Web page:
The Effect of Alternative Bearing Surfaces on the Risk of Revision Due to Infection in Minimally Stabilized Total Knee Replacement: An Analysis of 326,603 Prostheses from the Australian Orthopaedic Association National Joint Replacement Registry.

The effect of alternative bearing materials on the risk of revision due to infection after total knee replacement remains uncertain. By reducing the immunomodulating polyethylene wear-particle burden and with different substrate bacterial adhesion properties, Oxinium oxidized zirconium and cross-linked polyethylene (XLPE) could alter infection risk. The purpose of the current study was to analyze the risk of revision for infection in 3 comparisons of bearing combinations.

False-positive result when a diphenylcarbazide spot test is used on trivalent chromium-passivated zinc surfaces.

A colorimetric 1,5-diphenylcarbazide (DPC)-based spot test can be used to identify hexavalent chromium on various metallic and leather surfaces. DPC testing on trivalent chromium-passivated zinc surfaces has unexpectedly given positive results in some cases, apparently indicating the presence of hexavalent chromium; however, the presence of hexavalent chromium has never been confirmed with more sensitive and accurate test methods.

Comparative Proteomics of Chromium-Transformed Beas-2B Cells by 2D-DIGE and MALDI-TOF/TOF MS.

Chromium (Cr) is a highly toxic, common heavy metal used in industrial production. There are two types of Cr in nature: hexavalent chromium (Cr(VI)) and chromium trichloride (Cr(III)). Cr(III) is involved in the metabolism of sugars and lipids, whereas Cr(VI) is absorbed through the respiratory tract and skin and generates free radicals that result in secondary toxicity. Cr(VI) leads to cancer in the occupational population and is therefore recognized as a human carcinogen by the International Agency for Research on Cancer. The specific mechanism underlying Cr-induced carcinogenesis is complex. In this study, two-dimensional fluorescence difference gel electrophoresis and matrix-assisted laser desorption ionization-time-of-flight/time-of-flight mass spectrometry-based techniques were performed to analyze differentially expressed proteins between Beas-2B human bronchial epithelial cells and Cr(VI)-transformed Beas-2B cells. Many differentially expressed proteins were identified in the cells after malignant transformation, including serine/threonine kinase 11, endothelial nitric oxide synthase 3, apolipoprotein A1, vinculin, and lamin A/C. These proteins are involved in many signaling and metabolic pathways, including apoptosis, autophagy, the PI3K/Akt signaling pathway, focal adhesion, cell motility, and actin cytoskeleton rearrangement.

The evaluation of Cr-curcumin-DNA complexation by experimental and theoretical approaches.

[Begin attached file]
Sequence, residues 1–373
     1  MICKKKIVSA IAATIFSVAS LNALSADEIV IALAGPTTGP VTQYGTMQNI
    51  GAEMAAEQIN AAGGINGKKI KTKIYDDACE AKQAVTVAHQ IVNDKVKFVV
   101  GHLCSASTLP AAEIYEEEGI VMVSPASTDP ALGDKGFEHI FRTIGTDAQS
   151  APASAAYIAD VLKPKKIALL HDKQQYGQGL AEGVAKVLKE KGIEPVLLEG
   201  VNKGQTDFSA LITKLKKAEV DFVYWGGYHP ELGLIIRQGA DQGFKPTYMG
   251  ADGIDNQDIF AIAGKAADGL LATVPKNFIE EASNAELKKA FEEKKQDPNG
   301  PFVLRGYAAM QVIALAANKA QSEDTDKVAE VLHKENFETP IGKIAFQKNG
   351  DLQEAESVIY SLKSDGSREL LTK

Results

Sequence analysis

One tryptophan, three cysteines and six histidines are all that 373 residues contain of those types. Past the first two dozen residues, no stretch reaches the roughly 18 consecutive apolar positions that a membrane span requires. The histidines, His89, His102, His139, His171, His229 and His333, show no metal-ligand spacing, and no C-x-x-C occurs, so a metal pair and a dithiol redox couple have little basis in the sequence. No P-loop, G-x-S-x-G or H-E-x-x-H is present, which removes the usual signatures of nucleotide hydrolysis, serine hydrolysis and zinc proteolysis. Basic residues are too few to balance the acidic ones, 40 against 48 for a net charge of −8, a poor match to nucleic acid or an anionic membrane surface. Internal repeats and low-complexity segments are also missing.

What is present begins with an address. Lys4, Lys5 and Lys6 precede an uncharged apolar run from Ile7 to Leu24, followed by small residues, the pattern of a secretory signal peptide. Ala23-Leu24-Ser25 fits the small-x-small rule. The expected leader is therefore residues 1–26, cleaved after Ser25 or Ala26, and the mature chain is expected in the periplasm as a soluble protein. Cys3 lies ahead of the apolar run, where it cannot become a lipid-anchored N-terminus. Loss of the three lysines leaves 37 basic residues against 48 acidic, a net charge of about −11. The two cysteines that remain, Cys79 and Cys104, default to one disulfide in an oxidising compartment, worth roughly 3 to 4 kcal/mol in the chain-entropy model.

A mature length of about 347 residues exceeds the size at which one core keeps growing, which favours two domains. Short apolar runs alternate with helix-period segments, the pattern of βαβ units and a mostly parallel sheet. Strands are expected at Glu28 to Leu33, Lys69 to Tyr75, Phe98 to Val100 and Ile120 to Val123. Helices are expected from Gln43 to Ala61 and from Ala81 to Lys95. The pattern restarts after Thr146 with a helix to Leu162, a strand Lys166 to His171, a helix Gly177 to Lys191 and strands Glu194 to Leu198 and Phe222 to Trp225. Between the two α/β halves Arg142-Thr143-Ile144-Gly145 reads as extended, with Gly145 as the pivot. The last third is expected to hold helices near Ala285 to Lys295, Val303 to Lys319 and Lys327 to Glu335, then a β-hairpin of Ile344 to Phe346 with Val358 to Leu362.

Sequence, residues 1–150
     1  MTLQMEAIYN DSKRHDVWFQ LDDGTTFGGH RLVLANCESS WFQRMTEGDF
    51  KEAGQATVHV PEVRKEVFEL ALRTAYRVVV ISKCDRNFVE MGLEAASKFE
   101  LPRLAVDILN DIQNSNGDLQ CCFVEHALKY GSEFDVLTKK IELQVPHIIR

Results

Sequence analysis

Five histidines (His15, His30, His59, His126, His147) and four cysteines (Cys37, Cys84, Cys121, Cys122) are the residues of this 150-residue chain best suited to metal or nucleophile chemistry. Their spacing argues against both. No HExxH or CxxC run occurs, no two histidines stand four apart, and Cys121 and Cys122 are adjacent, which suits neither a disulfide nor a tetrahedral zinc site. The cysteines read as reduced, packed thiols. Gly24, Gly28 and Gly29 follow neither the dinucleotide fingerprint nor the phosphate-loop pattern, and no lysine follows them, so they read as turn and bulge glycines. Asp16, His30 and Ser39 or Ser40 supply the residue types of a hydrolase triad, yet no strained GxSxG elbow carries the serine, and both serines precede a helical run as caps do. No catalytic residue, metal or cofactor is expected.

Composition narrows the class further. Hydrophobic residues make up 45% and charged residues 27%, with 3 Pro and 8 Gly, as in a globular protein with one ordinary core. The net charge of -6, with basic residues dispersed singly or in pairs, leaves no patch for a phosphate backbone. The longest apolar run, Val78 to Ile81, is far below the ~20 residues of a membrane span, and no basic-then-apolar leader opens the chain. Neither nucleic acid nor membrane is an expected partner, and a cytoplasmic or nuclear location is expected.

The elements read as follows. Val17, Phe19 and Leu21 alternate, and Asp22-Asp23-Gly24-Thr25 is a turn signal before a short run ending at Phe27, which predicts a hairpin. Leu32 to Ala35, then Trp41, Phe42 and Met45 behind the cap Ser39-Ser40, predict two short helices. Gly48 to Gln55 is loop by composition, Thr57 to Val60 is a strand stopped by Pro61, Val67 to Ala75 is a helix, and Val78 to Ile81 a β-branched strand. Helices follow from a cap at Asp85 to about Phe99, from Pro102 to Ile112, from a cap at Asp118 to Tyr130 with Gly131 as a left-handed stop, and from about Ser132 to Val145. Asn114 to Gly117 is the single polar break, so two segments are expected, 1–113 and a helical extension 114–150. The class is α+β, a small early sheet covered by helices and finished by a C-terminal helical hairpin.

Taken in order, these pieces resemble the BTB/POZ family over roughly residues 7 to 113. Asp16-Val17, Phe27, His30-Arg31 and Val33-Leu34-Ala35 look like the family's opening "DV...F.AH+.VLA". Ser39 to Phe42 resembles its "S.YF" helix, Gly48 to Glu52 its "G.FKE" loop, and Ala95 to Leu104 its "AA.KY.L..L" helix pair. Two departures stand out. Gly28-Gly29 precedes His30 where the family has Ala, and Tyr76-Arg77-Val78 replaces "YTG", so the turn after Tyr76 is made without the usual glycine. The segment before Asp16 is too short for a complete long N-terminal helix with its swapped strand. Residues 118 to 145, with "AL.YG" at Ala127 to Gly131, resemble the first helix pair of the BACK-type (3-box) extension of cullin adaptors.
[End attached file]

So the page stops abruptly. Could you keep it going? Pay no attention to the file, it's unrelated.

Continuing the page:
Chromium(III) chloride mediates DNA-DNA cross-linking. Some chromium complexes promote programmed cell death in specific ligand environment through binding to DNA. One strategy that can be supposed for reduction of Cr3+ binding affinity to DNA is using curcumin as a chelator. In the current study, the [Cr(Curcumin)(EtOH)2](NO3)2 (CCC) was synthesized and characterized by UV/Vis, FT-IR, CHN and spectrophotometric titration techniques. The mole ratio plot revealed a 1:1 complex between Cr3+ and curcumin in solution. Binding interaction of this complex with calf thymus-DNA (CT-DNA) was investigated using UV/Vis, circular dichroism (CD), FT-IR and cyclic voltammetry. The intrinsic binding constants of CCC with DNA, measured by UV/Vis and cyclic voltammetry, were 1.60 × 105 and 1.13 × 105, respectively. The thermodynamic studies showed that the reaction is enthalpy and entropy favoured. CD analysis revealed that only Λ-CCC interacts with DNA and Δ-CCC form has no tendency towards DNA. Based on FT-IR studies, it was understood that CCC interacts with DNA via minor groove binding. The docking simulation was carried out for finding the binding mode of CCC to DNA, too. All of data demonstrated that the curcumin significantly reduced the affinity of Cr3+ to the DNA and the form of Δ-CCC has no interaction with DNA.

The effects of low levels of trivalent ions on a standard strain of Escherichia coli (ATCC 11775) in aqueous solutions.

Considering the ever-growing usage of trivalent salts in water treatment, for example, lanthanum salts in rare earth, AlCl3 and FeCl3 , the effects of different trivalent cations on the bacterium Escherichia coli (E. coli) ATCC 11775 strain have been studied in aqueous solutions. From colony incubation studies, the colony-forming unit (CFU) densities were found to decrease significantly in the presence of even low levels (10-5  mol/L) of lanthanum chloride. This level of reduction in CFU number is comparable to the results obtained using the known bacteriocidal cationic surfactant, C14 TAB. By comparison, exposure of the cells to low levels of trivalent ion, aluminum and chromium ion solutions produced only modest reductions in CFU density. The results from the incubation studies suggest that the bacteriostatic mechanism of La3+ ions has similarities to that of the cationic surfactant, and different to that of the other trivalent ions. Size distribution and zeta potential measurements of E. coli cells and phospholipid vesicles in the presence of trivalent cations solutions suggested significant cell shrinkage probably caused by membrane disruption.